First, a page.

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June 10, 2020


Opinion: Stay safe and save money by attending college close to home

By Dr. Amber Richardson, Chair of the Three Rivers College Board of Trustees

At the beginning of the 2019-2020 school year, I don’t think anyone thought things would be as different as they are today. K-12 school years ended early, college classes went totally online, campuses and dorms closed, and stay-at-home and social distancing orders were enacted. The lives of students across the country were upended by COVID-19.

For high school seniors looking forward to their freshman years, and current students thinking of going back to their college towns in August, there’s a lot of uncertainty. Will everything be back to normal by then? Will the big college campus experience of dorms, lecture halls, and homecomings be anything like we expect? Will campuses have to close again at some point? For parents, these worries are amplified.

The value of a college education is undeniable—those with college degrees earn more money and have lower unemployment rates (Link to source). So it’s wise to keep working toward completing a college education.

However, when considering college options for the next school year, think about an option that will allow you (or your children) to start or continue a college education for a fraction of the cost of large universities, and do it while staying at home. That option is community colleges like Three Rivers College.

Community colleges have long excelled at providing individual attention to students, offering an affordable and high-quality education, and helping students grow and thrive in the college environment.

In fact, studies show that community college students who transfer to four-year universities do as well or better academically as students who took their lower-division courses from the university. (Source: J. Conrad Glass Jr. & Anthony R. Harrington [2002] Academic Performance of Community College Transfer Students and “Native” Students at a Large State University, Community College Journal of Research and Practice, 26:5, 415-430, DOI: 10.1080/02776770290041774)

At just a fraction of the cost of four-year institutions, community colleges are a great value. One full year at Three Rivers costs approximately $4,000—that’s before scholarships and other financial aid. That same full year at a regional state university would cost nearly $8,000 and approximately $12,000 at a state university. This does not include the housing costs associated with an “away” college.

Also, after financial aid and scholarships, many Three Rivers students attend for free. By just completing an admissions application and submitting the FAFSA, applicants are automatically considered for more than 280 scholarships at Three Rivers.

With more than 90 transfer and career paths, Three Rivers offers something for everyone. Students can attend traditional, face-to-face classes at the Poplar Bluff campus and TRC locations in Sikeston, Dexter, Kennett, and Cape Girardeau.

If you would feel safer taking classes at home, many are offered online, including 12 fully online pathways to an associate degree. The degree programs being offered are the Associate of Arts in Teaching, Associate of Science in Administration of Justice, and the Associate of Arts with the following pathways: Business Administration, Communication, English, General Education, History, Political Science, Pre-Law, Psychology, Social Work, and Sociology. All will transfer into bachelor’s degree programs.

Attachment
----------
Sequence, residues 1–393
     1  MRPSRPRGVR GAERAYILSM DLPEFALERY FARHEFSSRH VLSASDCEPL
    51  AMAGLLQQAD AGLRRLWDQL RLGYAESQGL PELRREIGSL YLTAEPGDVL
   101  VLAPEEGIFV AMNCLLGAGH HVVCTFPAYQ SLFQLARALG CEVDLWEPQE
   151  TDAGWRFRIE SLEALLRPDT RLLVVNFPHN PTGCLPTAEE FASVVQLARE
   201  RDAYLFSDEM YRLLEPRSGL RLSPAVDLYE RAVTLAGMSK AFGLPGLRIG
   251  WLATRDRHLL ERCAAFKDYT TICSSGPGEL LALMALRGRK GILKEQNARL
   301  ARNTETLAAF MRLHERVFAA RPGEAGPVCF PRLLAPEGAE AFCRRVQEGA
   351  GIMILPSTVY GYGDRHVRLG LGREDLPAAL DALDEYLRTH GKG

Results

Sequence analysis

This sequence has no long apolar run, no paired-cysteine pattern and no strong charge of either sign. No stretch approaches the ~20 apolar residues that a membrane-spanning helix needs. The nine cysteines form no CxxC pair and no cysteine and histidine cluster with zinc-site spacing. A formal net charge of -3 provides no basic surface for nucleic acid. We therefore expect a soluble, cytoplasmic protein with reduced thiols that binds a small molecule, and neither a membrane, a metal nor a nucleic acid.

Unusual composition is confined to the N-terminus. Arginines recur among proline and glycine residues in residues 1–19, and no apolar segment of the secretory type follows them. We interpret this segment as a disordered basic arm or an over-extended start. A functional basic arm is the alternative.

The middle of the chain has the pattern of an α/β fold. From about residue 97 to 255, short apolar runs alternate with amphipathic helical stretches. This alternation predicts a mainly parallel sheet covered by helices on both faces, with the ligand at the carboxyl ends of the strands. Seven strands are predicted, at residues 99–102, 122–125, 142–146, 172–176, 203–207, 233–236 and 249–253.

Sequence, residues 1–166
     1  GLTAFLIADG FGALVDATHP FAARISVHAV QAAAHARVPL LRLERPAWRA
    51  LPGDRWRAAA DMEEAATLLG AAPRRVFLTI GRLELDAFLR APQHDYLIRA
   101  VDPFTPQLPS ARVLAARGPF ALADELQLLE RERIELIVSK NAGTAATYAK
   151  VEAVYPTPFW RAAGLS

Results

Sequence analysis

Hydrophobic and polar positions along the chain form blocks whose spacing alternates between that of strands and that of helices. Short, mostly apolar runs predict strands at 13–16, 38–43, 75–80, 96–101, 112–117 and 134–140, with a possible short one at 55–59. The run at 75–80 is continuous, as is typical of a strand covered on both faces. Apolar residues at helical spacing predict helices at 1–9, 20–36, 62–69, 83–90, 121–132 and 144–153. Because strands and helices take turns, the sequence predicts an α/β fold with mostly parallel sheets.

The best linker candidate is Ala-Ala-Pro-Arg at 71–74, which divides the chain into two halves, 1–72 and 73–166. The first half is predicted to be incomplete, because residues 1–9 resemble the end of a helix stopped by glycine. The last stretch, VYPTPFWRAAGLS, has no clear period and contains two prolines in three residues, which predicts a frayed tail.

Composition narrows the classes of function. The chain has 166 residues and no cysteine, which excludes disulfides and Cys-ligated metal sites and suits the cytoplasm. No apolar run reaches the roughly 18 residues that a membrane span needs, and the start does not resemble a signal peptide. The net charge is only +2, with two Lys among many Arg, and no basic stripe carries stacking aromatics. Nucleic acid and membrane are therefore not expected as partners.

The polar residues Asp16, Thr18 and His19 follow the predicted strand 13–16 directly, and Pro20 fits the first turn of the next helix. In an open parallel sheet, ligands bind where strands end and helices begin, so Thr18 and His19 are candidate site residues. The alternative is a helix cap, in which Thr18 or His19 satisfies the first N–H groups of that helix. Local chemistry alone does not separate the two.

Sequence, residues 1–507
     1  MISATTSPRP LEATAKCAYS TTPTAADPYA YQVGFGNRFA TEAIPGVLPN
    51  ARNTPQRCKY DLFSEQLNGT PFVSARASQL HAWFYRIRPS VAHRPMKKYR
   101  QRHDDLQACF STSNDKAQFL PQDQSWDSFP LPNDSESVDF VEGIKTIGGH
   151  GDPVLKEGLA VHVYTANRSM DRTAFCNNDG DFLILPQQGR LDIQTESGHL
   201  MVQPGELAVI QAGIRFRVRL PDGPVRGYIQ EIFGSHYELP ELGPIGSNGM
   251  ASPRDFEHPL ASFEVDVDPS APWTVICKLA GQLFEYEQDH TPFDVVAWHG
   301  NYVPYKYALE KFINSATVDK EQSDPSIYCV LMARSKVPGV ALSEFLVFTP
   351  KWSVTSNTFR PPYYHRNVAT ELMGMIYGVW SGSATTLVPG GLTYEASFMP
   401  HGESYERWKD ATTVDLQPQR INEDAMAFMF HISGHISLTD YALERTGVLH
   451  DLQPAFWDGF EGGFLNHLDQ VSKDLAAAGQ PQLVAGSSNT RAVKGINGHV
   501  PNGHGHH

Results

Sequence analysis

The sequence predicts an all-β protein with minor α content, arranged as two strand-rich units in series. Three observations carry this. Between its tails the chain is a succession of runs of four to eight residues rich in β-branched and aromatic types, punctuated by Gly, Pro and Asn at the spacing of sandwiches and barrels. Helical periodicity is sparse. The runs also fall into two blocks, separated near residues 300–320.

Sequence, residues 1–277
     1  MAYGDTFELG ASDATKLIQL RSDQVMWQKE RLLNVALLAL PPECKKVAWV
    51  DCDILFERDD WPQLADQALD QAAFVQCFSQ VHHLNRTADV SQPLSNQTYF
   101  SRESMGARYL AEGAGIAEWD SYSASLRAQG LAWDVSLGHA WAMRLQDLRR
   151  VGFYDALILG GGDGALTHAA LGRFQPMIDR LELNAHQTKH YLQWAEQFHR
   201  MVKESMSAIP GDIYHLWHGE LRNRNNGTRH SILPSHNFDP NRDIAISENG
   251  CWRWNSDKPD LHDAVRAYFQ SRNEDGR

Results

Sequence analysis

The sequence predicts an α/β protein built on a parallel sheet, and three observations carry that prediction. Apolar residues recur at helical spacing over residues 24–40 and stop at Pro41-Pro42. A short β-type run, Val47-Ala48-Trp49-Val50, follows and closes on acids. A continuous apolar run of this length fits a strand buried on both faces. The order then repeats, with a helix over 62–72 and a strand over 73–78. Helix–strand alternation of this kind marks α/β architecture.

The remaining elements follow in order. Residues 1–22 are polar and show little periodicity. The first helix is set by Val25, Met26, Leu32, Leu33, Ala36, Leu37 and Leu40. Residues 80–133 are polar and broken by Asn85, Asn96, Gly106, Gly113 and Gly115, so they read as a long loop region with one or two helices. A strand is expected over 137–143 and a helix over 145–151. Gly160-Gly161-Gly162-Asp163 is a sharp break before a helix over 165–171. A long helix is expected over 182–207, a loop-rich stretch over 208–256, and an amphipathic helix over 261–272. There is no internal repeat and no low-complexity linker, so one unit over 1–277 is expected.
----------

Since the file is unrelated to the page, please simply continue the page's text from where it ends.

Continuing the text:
When it’s time to attend a four-year university, community colleges make transferring easy. Three Rivers offers a smooth pathway to transferring to colleges throughout the state and into programs offered by our University Center partners on the Three Rivers campus and external locations. Those partners are Central Methodist University, Hannibal-LaGrange University, and Southeast Missouri State University. In addition, Three Rivers has worked with Arkansas State University to ensure an easy transition into more than 20 of its programs.

I taught classes at Three Rivers as an adjunct instructor. My husband has taken classes at Three Rivers College and later taught there. His mother has worked at Three Rivers for many years. Knowing how beneficial Three Rivers College is to the community is what made me run for its Board of Trustees. Serving on its Board for these past 4 years has allowed me to see first-hand how a community college education can help people get better paying jobs and help students save thousands before transferring to universities.

As you or your children are debating college plans for the fall, remember that the choice is bigger than going away to college, taking online classes from a big college, or skipping a year. There’s a great option right in your backyard. Don’t lose this time. Maybe now more than ever, it’s important to keep working toward a better future.

For information about Three Rivers College visit trcc.edu or call 877-879-8722.

Currently, Dr. Amber Richardson is the Chair of the Three Rivers College Board of Trustees. Richardson is employed as a clinical psychologist in Poplar Bluff. She previously taught as an adjunct psychology professor for Three Rivers College and Central Methodist University. Richardson earned a bachelor’s degree from Rhodes College, a master’s degree in Counseling from the University of Memphis, and a doctorate from Fielding Graduate University. She and her husband, Todd, are blessed with two children, Sawyer and Briley.

Three Rivers College is committed to contributing to the quality of life in Southeast Missouri with quality, affordable higher education opportunities and community services that support and encourage the economic, civic, and cultural vitality of the region. For more information about college and workforce programs and upcoming events, visit trcc.edu.

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